Original language of petition: English
As a small business owner, I will be looking to you and your party to take the lead on implementing policies that will help my business succeed now and into the future.
While policy-makers in Ottawa focus on competitiveness, innovation and reaching global markets, they often forget to address the basic foundations needed to run a successful business. Political leaders need to focus on policies that ensure that I can afford to run my business and create jobs.
I ask you to support businesses like mine by making the following electoral pledges:
1. Help me reduce the costs of hiring and training by lowering the EI rate my business pays or introducing an El holiday for youth between the ages of 15 to 24.
2. Address the growing tax burden by slowing down or halting additional CPP increases after 2019.
3. Repeal the federal carbon tax and instead work with each province to find a way to address climate change that minimizes any negative impacts on small businesses like mine.
4. Make it as easy to sell a business to a family member as it is to a stranger.
5. Cut red tape in policies, guidelines and legislation, and improve government services.
6. Support family-run small businesses by exempting spouses from the new income splitting rules.
7. Put in place a plan to balance the budget within the next five years.
Thank you in advance for your engagement on issues important to my business.
The Government of Canada thanks the petitioners for sharing their views on supporting small business owners during the COVID-19 pandemic. The Government acknowledges the challenges and costs of hiring and training new employees, and recognizes that the public health measures to prevent the spread of COVID-19 have affected small businesses.
The Employment Insurance (EI) program is funded through the collection of EI premiums paid by workers and employers. EI premiums generally increase when there are more people making claims for benefits, such as during the current pandemic, in order to keep the EI Operating Account in balance.
The Government of Canada announced that the EI premium rate will be frozen for two years at the 2020 rate to further support Canadian employers and workers. By keeping the EI premium rate at its lowest level since 1980, the Government is supporting Canada’s economic recovery. The premium rate freeze will be especially beneficial to small businesses by ensuring EI premiums remain low and stable in the current economic conditions.
The Government of Canada will also be crediting the EI Operating Account for the costs associated with the EI emergency response benefit, from the Consolidated Revenue Fund. According to the EI Senior Actuary, the EI expenses related to the EI emergency response benefits were projected to be $37.7 billion. The Government’s decision to offset these costs to the EI Account is also particularly beneficial to small businesses as it ensures EI premiums rates will remain lower over a longer period of time.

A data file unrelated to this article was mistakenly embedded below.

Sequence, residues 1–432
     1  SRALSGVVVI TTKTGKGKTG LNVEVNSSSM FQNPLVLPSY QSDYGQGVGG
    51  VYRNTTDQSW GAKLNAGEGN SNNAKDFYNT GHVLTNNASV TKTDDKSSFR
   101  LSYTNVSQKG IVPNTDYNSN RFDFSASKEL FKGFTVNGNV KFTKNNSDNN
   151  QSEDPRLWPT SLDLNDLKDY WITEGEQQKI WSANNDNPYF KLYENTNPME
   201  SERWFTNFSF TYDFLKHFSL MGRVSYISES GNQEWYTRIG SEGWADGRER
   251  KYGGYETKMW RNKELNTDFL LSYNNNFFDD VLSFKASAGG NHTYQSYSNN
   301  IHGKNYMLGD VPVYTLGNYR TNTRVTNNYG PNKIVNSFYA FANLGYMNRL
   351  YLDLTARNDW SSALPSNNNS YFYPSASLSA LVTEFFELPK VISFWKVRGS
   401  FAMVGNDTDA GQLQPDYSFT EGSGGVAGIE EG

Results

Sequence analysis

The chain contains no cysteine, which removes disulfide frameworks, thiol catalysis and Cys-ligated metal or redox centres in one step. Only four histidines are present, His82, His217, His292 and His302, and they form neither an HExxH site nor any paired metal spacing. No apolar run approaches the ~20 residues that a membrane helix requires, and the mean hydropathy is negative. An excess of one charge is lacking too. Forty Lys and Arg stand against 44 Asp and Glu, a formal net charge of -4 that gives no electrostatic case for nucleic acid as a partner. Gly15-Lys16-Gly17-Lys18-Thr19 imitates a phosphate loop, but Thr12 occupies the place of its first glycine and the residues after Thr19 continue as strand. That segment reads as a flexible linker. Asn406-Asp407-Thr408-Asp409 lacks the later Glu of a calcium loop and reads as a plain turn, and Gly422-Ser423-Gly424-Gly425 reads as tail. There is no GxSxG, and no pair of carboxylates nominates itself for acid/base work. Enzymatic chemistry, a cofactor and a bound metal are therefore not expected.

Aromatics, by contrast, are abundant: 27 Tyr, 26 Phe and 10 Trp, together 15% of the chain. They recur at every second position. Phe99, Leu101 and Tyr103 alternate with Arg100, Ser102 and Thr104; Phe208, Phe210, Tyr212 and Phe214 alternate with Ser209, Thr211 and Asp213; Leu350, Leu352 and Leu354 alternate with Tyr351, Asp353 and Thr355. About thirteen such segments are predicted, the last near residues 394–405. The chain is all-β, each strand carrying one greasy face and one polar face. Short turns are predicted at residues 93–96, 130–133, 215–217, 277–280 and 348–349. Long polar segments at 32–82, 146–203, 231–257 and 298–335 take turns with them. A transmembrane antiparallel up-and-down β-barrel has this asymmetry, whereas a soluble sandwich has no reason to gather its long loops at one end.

Once again, the Government of Canada wishes to thank the petitioners. Their views will be taken into consideration in the Government’s ongoing efforts to respond to the COVID-19 pandemic and improve the EI program.
The Government of Canada recognizes the importance of addressing the regulatory burden faced by small businesses. Over the last few years, the Government has undertaken initiatives to reshape the regulatory system in Canada and improve the environment in which small businesses operate. The Government is implementing several initiatives to simplify regulations, eliminate regulatory barriers, and encourage innovation. For example, the Government has launched a legislated review of the Red Tape Reduction Act. A public consultation was undertaken in 2019 and the Government is currently studying input received from Canadians on the Act, its design and implementation, and recommendations for improvement. This review will evaluate how the one-for-one rule has performed in addressing unnecessary administrative burden on businesses, and it should identify potential improvements to further benefit the Canadian economy. This is one of the initiatives that will help Canadian businesses to grow, while continuing to protect Canadians’ health, safety, security, social and economic well-being and the environment.
The Department of Finance response to parts 3, 4, 6 and 7 follows:
Pricing pollution is generally viewed as one of the most economically efficient ways to send a price signal to companies, investors, and consumers to make more environmentally sustainable choices to reduce greenhouse gas emissions. It is central to our country’s plan to meet and exceed our emissions reduction targets, grow the economy and build resilience to a changing climate. Canada’s climate plan gives provinces the flexibility to design a pricing system that meets their unique needs while ensuring all systems are stringent, fair, and efficient.